Tuesday, August 31, 2010

Reflections on Reunions

A few weeks ago was yet another high school class reunion. It has been ten years since I’ve attended a reunion and I was very excited about it. Before the actual date, one of the organizers sent me a list of those who were confirmed to attend. As I scanned the list I smiled at many of the names, reliving some of our fun times.

The week after our class reunion we had an out of state family reunion on my mother’s side. I wasn’t able to attend due to a writer’s conference, but as I reflect on family times together, they too, cause me to smile at the memory of the good ole days with beloved aunts, uncles, and cousins.

Of course not all memories are pleasant. For instance there was the classmate my sophomore year who spread a false rumor about me, devastating me for weeks. Then there was the uncle who chided me for being in the dessert line – again. Not all of our gatherings create good memories, and understandably some reunions can leave you feeling inferior. It can be hard not to compare yourself to those who are the same age, whether it is an ex-classmate or a cousin, and hear how they have become the CEO of a large corporation or the principal of a school. Some get-togethers can cause you to feel as if you haven’t done anything significant with your life, which isn’t always a bad thing; it can spur you on to taking that leap of faith to change your course in life for the better.

But this recent class reunion was somehow pleasantly different from all the rest. Gone were the masks that we girls, especially, would wear as we would try to impress others with our outer appearance. Of course we all wanted to look our best, but quite frankly that was not what mattered the most. Over the years the masks have fallen off and in their place was a heartfelt love for one another. What seemed to matter most was that we were all still here, especially since eight boys from our class have passed on. And one of our girls almost didn’t make it; Mary, a veteran of the Iraq war. It was especially touching to see her as she walked into the room with a cane. It was obvious that Mary had been through hell and back, but most thankfully, in the process she found God. Of course He had always been there; she’d just never been so desperately in need of Him before.

And that was my prayer as I drove home in the dark that night following the reunion; that each one of my classmates would, if they haven’t yet, come to realize that Jesus died for them and that they needed to open the door of their heart and invite Him in. As I rounded the final curve of my drive home I suddenly came upon a brief, light fog in the valley where we live. It reminded me of the verse from James 4:14: “What is your life? You are a mist that appears for a little while and then vanishes”. And it’s true; much like that patch of fog – we are here one minute and gone the next.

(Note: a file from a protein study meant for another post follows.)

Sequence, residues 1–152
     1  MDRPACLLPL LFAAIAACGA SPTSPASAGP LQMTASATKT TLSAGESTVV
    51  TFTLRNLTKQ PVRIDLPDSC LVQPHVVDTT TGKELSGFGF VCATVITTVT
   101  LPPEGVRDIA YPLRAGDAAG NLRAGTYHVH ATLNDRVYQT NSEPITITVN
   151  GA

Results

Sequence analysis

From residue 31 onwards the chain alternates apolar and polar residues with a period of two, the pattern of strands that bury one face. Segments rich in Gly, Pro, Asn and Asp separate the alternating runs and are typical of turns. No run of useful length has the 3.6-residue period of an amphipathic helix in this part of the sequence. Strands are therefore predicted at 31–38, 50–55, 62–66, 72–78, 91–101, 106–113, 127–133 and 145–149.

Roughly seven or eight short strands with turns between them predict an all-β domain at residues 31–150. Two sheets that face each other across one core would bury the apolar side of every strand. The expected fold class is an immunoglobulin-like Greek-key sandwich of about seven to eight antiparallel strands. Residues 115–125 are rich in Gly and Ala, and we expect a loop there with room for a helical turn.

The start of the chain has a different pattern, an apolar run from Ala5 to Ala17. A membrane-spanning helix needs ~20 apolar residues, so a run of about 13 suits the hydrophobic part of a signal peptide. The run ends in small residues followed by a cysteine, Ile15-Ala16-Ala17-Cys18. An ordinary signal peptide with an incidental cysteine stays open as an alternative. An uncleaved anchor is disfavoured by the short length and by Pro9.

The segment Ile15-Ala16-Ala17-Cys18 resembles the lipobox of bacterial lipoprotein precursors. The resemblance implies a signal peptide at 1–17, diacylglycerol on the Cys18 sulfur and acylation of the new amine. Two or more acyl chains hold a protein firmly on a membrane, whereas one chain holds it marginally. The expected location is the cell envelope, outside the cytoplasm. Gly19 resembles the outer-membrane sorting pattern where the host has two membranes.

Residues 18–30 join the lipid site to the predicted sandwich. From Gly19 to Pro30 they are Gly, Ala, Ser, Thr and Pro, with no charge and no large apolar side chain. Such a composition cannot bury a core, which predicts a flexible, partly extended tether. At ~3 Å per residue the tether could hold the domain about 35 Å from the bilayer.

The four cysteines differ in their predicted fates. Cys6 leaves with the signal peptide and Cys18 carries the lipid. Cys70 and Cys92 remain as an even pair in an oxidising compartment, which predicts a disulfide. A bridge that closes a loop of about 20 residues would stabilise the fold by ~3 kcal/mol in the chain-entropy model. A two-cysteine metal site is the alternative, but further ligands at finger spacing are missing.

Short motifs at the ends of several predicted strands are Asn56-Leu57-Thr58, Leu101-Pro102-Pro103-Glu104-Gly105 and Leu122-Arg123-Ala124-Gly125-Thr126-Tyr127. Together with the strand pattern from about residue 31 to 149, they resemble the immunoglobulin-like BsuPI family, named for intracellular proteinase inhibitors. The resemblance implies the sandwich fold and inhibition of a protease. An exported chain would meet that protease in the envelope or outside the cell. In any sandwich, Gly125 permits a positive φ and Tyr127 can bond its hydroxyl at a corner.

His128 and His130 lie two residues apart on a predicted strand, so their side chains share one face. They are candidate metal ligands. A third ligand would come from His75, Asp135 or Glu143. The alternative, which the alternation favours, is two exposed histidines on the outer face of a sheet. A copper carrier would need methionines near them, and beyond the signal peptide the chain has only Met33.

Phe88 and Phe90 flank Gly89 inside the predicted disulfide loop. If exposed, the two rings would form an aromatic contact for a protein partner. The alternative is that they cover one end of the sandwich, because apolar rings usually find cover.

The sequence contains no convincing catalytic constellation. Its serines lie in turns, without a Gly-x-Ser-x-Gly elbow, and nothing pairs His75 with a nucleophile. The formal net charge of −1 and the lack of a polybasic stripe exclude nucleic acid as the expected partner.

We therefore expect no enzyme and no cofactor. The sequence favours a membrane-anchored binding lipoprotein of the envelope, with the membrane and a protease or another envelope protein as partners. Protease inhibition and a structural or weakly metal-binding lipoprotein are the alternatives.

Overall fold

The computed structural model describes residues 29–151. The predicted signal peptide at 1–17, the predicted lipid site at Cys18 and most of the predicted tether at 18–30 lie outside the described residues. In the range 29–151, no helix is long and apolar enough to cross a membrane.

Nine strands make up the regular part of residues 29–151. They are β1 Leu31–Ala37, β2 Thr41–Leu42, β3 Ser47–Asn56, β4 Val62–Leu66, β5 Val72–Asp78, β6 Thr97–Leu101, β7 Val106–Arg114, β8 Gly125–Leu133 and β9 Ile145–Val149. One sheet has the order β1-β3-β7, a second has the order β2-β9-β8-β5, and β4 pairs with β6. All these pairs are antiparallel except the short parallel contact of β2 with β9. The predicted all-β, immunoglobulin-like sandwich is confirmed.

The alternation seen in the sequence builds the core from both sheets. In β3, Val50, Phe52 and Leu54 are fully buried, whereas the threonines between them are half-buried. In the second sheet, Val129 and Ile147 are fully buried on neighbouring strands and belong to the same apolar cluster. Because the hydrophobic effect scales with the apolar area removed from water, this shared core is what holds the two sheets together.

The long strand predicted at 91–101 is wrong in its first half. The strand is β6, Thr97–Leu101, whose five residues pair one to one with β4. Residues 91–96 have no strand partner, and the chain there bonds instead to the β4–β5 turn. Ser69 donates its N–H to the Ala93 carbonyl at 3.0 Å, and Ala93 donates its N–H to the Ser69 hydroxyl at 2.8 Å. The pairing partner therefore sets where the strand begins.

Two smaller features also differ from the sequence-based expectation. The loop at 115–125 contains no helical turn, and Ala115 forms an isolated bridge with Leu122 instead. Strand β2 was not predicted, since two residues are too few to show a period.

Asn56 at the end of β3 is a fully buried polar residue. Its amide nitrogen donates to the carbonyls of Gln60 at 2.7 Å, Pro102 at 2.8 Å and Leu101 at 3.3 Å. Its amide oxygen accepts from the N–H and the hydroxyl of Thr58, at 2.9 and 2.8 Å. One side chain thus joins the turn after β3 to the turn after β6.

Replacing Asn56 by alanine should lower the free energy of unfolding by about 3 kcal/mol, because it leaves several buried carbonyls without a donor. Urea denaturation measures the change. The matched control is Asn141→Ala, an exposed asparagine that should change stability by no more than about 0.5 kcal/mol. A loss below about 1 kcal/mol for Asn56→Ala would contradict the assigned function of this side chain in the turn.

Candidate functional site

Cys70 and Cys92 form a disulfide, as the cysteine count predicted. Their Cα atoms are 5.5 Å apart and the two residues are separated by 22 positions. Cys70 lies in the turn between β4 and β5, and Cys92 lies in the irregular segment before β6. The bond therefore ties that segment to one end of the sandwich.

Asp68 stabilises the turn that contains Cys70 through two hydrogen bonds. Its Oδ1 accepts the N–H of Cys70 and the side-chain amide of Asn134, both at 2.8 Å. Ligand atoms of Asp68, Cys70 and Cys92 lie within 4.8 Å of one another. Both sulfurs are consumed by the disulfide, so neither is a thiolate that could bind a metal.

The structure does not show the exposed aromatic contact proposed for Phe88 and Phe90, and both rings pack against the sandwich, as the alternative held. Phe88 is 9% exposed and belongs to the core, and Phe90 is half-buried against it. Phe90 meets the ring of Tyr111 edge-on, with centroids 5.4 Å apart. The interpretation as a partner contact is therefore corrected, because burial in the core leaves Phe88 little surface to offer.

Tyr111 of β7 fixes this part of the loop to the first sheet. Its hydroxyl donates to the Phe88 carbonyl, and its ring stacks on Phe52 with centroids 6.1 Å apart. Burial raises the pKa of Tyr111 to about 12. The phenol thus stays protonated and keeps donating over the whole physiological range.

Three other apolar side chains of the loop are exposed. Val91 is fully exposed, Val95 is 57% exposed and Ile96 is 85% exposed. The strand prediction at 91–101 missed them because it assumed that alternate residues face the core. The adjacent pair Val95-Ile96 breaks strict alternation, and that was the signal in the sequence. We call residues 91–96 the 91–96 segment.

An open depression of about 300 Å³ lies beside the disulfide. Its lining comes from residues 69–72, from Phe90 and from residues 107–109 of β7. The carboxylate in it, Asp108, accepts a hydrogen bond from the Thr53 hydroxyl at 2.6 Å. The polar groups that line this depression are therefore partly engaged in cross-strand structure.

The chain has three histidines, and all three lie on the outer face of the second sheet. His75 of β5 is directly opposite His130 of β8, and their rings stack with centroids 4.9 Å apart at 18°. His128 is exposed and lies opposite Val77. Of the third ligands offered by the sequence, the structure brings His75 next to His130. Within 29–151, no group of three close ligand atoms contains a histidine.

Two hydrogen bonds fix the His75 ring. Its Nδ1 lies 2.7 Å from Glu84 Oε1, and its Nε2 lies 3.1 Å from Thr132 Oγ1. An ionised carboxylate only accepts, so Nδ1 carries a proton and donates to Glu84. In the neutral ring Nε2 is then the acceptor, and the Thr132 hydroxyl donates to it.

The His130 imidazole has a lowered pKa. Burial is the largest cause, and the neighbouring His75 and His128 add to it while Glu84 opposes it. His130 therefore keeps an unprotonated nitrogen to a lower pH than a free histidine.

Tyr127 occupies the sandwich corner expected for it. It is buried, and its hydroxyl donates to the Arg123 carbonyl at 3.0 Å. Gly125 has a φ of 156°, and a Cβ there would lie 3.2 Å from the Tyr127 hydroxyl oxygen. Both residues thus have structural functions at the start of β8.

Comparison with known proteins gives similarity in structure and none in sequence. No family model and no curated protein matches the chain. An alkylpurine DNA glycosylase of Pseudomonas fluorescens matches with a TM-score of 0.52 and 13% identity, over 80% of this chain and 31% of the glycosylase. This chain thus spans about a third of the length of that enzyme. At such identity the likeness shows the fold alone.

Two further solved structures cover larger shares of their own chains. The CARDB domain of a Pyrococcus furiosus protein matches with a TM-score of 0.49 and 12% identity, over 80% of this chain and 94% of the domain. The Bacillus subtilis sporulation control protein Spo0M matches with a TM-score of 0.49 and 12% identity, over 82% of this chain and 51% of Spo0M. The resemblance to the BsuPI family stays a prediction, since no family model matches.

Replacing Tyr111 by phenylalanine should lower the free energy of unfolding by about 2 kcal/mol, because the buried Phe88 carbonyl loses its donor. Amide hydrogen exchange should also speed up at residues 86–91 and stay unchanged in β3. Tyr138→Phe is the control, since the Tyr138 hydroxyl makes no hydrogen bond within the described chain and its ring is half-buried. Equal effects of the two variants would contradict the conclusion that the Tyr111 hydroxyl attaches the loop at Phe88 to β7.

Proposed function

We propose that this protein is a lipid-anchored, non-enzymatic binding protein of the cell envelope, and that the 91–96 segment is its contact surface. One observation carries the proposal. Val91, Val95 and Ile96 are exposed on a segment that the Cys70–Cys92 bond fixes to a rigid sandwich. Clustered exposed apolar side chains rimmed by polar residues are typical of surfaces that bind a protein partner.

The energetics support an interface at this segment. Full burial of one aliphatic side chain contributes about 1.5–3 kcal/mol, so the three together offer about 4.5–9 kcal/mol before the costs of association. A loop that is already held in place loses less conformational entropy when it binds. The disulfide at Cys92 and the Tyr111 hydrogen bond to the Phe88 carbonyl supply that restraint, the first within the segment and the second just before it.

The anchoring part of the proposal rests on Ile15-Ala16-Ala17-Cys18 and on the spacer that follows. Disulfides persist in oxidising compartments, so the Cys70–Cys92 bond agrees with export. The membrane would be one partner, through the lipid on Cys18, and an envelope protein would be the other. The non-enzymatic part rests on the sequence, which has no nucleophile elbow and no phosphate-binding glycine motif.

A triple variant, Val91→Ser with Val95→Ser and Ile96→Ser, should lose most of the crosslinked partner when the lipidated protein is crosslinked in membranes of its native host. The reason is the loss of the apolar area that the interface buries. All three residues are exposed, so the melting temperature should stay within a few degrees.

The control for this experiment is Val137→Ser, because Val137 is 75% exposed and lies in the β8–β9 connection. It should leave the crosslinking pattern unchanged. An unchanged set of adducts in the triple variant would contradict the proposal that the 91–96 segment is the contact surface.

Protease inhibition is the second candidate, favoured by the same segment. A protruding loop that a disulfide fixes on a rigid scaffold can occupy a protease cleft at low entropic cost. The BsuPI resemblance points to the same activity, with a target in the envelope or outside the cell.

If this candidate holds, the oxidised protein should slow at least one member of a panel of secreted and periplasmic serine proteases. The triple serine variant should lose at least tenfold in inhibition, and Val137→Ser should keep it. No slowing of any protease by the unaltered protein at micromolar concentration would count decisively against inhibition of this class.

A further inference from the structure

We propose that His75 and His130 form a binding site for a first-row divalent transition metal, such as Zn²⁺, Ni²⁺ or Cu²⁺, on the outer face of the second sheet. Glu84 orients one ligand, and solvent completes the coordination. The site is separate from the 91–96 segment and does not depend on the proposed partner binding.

As another reunion closed, our goodbyes to one another were bittersweet, all of us probably wondering if we would ever see each other again. Yet for those of us in Christ we know that our earthly goodbyes are always temporary, for we have an eternal reunion to look forward to.

I couldn’t help but see a few similarities between the two: at our class reunion we sat on picnic tables with cement underfoot, in heaven we’ll be walking on streets of gold. And a few guys brought guitars and we had a “jam session”, but in heaven ear has not heard the melodious sounds of the majestic, heavenly choirs singing praises in chords that we can’t imagine. And then as we shared our physical ailments and how almost all of us were wearing bifocals now, I couldn’t help but ponder how in heaven our bodies will not decay or age. (And of course the women are hoping chocolate will be there in abundance – and we won’t have to worry about it going to our hips!)

Yes, there is much to look forward to at that Reunion to beat all reunions. I truly hope you’ll be there.

“I tell you the truth, no one can see the kingdom of God unless he is born again” (John 3:3 NIV).

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